Making trouble

Broadcasting law/ OFCOM guides

Radio producers, like any other professional working in the media, have to abide by a set of legal restrictions when broadcasting live. This is partly to ensure a person’s reputation is not damaged by what you say on air.

The Office of Communications (Ofcom), which is the media regulator in the UK, also has advertising and programme guidelines that cover the broadcast of sex, violence, offensiveness, religious programming etc. Each station has a copy of the guidelines, some are on the website, and you can find them on Ofcom’s website at

Besides the official restrictions and guidelines, good broadcasting practice indicates how you should present material on air, who you should interview, and what topics you should cover. Most importantly, be sure to present as many sides of a story as possible, challenge commonly held ideas, and try to remain neutral in any debate.

Finally, what may be good broadcasting practice in commercial radio or as a public broadcaster may not be appropriate for community radio. Working with the local community and local issues requires a high level of sensitivity, diplomacy and tact.

LEGAL RESTRICTIONS (a brief guide to the bits of law that affect radio):


Generally speaking, defamation is either slander or libel. Put simply, slander is spoken defamation and libel is broadcast or published defamation.

Basically, you can say what you like about someone unless it makes other people think less of him or her. There’s a huge difference between:

“That Phil Korbel got sacked from his job as a footie commentator”


“That Phil Korbel is so dim he reckons Beckham’s a German beer.”

So, you can tell jokes about someone or say that their record is crap (which is just an opinion) but if you say that they are less than honest in their business, no good at their profession or that they are carrying a contagious anti-social disease, it is possible that you will get a call from their lawyers. In other words, – unless you can prove it – avoid negative comments about people that sound like fact.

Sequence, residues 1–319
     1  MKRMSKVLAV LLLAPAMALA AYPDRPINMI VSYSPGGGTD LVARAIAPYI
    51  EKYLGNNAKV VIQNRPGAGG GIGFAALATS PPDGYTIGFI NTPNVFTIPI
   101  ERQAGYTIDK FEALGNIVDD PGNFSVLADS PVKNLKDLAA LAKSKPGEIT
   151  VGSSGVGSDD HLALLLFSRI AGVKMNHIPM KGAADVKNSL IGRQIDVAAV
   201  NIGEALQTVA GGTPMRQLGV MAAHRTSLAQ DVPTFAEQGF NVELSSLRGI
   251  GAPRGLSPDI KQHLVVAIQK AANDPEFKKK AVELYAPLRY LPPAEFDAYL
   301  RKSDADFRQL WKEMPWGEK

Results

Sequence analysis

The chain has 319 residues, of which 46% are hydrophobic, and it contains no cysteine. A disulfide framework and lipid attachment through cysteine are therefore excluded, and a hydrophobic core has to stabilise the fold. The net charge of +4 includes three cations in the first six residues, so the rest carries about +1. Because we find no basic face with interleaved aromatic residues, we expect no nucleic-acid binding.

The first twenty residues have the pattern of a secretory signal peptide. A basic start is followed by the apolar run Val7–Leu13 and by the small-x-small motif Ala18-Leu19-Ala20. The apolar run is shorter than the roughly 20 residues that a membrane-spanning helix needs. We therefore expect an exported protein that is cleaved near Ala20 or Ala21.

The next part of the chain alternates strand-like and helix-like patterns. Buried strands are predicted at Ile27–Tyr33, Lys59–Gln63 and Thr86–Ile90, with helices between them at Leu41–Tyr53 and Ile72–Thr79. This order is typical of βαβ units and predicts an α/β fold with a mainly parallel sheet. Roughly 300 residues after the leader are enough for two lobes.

Before you go on air (!) ask yourself whether the piece you are about to broadcast or that you have responsibility for:

–      unjustifiably exposes a person to public hatred or ridicule.

–      causes a person to be shunned or avoided.

–      lowers public estimation of a person.

–      damages the business or professional capacity of a person.

Generally, ‘the public’ is taken to mean the average person and there has to be some proven damage to a person’s reputation for defamation to be claimed.

CHECK BEFORE YOU GO TO AIR – if you are in doubt then speak to the programme organiser at your station. Remember: if there is defamation the station can get sued and YOU can get sued.



This comes from the fact that the only people who can influence a court of law are those people in the courtroom. Any attempt by anybody to influence a judge or a jury is in “contempt of court” and is viewed very dimly by the powers that be (we’re talking jail terms here folks!). A person accused of a crime who is standing at trial is innocent until proven guilty.

So … you are allowed to say what happened in court (e.g. “The prosecution claimed the accused was seen by a van-load of police officers leaving the pharmacists with a large bag marked stolen drugs”)

But …

You cannot ever state an opinion about those events (e.g. “Well he’s guilty as *#@~ isn’t he?”) until the accused is well and truly pronounced guilty by the judge or until the innocent person is acquitted.

The basic rule is to use your common sense when broadcasting so as not to cause offence to anyone, not to bad mouth anyone and not to comment on a court case unless you are sure that you understand what you can and can’t say.



  1. The Sex Discrimination Act 1975 makes it unlawful to discriminate on grounds of sex or marriage.
  2. The Race Relations Act 1976 makes it unlawful to discriminate on grounds of colour, race, and nationality, ethnic or national origin.
  3. The Disability Discrimination Act 1995 makes it unlawful to discriminate on grounds of disability.
  4. The Equal Pay Act 1970 makes it unlawful to discriminate between men and women in their contracts of employment including pay, holiday entitlement, pension etc.
  5. The Employment Relations Act 1999 gives working parents the right to unpaid parental leave and time off to deal with emergencies.

Advertising and programming

The Office of Communications (OFCOM), which is the media regulator in the UK, has advertising and programme guidelines that cover the broadcast of sex, violence, offensiveness, religious programming, etc.


The gratuitous use of offensive language, including blasphemy, must be avoided.  Bad language and blasphemy must not be used in programmes aimed at young listeners or when audience research indicates they might be listening in significant numbers.

Where lyrics in songs might cause offence, licences must make considered judgements based on scheduling, particularly bearing in mind listener sensitivity to ‘school run’ times as revealed in research such as RAJAR (the listening research body), station remit, re-mixes, editing possibilities and the like.


The portrayal of, or allusion to, sexual behaviour should be defensible in context and presented with tact and discretion.

Humour relying on sexual innuendo should take account of the likely audience and should not be gratuitous.